Lager Problem

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rbubb814

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Last week i brewed my first lager, i cooled the wort down to 75 degrees and pitched one packet of dry lager yeast, i put it right into a 55 degree fridge. the next day when i checked it there was no action in the airlock and the fridge had gone back down to 42, i guess the control in unreliable. i checked it again 2 days later and still no action. i went back yesterday to finally dump the batch because it had been a week, and it was bubbling. i thought i had killed the yeast. i really don't know how long i should wait for the fermentation.
 

azscoob

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Lagers need a lot more yeast than ales, I read that you should pitch 2 or more dry lager packets, the slow takeoff is probably from using only one packet and the temp dropping to 42 degrees likely slowed them down further. once primary fermentation is complete you should do a d-rest prior to lagering to help clean up any off flavors from stressed yeast. my first lager was pitched with a starter that was way bigger than I thought I needed and it took off in 10 hours. It is still fermenting away at 50 degrees 2 weeks later.
 
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rbubb814

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thank you for the quick response. i guess i will let it go until the bubbling slows down and then take a gravity reading.
 

azscoob

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after fermentation stops, bring the temp up 10 or 15 degrees and let it rest for a day or two to do a diacetyl rest. I have gathered from others that the rest can be at room temp but I cannot say from experience.
 

LagerLover24

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It sounds like you just underpitched your yeast. Go to mrmalty.com and click on the yeast pitching rate calculator. It has worked great for me.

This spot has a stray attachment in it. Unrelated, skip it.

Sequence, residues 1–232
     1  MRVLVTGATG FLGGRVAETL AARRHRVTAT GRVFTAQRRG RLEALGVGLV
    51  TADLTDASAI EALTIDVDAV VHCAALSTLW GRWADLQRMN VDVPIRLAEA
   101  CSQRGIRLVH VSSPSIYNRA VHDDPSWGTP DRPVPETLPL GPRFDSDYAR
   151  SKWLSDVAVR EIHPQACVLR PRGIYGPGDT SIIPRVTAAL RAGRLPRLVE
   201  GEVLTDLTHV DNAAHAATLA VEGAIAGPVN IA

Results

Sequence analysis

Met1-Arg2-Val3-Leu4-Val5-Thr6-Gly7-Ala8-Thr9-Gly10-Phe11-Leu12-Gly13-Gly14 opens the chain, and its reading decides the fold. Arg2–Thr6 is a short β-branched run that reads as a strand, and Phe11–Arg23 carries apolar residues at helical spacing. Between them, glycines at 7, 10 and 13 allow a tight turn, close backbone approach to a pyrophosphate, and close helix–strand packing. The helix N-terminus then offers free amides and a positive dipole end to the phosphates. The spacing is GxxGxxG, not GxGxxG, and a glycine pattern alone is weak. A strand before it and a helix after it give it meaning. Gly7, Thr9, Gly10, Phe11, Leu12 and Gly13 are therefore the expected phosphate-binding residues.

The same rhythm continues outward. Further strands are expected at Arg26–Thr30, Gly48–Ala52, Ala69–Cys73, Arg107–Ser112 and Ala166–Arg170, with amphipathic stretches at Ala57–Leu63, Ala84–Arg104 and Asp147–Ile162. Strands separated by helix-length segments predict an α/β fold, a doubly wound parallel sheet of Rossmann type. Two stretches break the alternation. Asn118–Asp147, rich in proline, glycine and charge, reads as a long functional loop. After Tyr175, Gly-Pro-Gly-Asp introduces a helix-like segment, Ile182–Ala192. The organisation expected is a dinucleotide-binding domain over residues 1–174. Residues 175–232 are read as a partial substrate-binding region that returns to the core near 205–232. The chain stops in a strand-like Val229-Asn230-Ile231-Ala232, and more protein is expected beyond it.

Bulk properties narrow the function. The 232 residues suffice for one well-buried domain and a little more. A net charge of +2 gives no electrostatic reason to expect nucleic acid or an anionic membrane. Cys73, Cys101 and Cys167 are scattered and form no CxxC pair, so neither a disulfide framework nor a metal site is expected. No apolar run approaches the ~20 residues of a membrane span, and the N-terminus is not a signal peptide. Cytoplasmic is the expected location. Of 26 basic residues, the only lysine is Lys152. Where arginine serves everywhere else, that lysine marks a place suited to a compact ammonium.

suprchunk

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I have always pitched way more than I need. I start making the starter a couple days in advance and end up with at least a 2L starter. There is debate as to whether you should keep your starter at the same temps as your beer you are going to pitch it in. But I keep my lager starters as cool as the beer I am pitching into. What side of the fence you want to go to is your choice. But make sure you get enough yeast in there. I haven't tried dry yeast for a lager yet, but will soon, as all my yeast ranching/harvesting/storing supplies are back in the states. And it makes it hard for me to keep buying copious amounts of liquid yeast over here.

And as stated above, bring it up for the diacetyl rest. I don't know if it was my ferm temps or not the first time I made a lager, but the fermentation smelled heavily of sulphur. Made me scared to try the finished product, but it tasted exactly how I thought it would - just like the Pilsner Urquell I was cloning.
 

tomije87

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I'm getting ready to brew my first lager this weekend. I'm making the starter today, but I was curious if a blowoff tube is necessary for lagers? I didn't think they fermented that vigorously because of the low temps, but I wasn't sure.

Has anyone required a blowoff tube for a lager?
 

suprchunk

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Haven't had to use one yet. Your headspace may necessitate the use of one. But generally the lower temps seem to keep the violence at bay.
 

azscoob

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My lager never put off much over 2-2.5" of krausen during its fermenting, took off fast enough with a starter, the krausen was more like shaving cream in its consistency, quite different than the ale fermentation I am used to. It also took 3 weeks for active fermentation to finish off and hit terminal gravity at 50° temps
 

jgourd

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I now cool my lagers to 55F or so prior to pitching a nice 2000mL starter cooled to the same temperature started with a single vial of yeast. I then reduce the temp. to 50F for primary fermentation right after pitching. It takes a day, but fermentation does occur and diacetyl is minimized this way. I still do a diacetyl rest at 60F when 75% of primary fermentation is done (checked with my hydrometer and by a simple calculation based on the yeast strain's average attenuation). I don't do blowoff tubes for lagers, but I primary ferment in 6.5 gal. buckets, so unless it's a rather high gravity brew, I don't need blowoff tubes.
 
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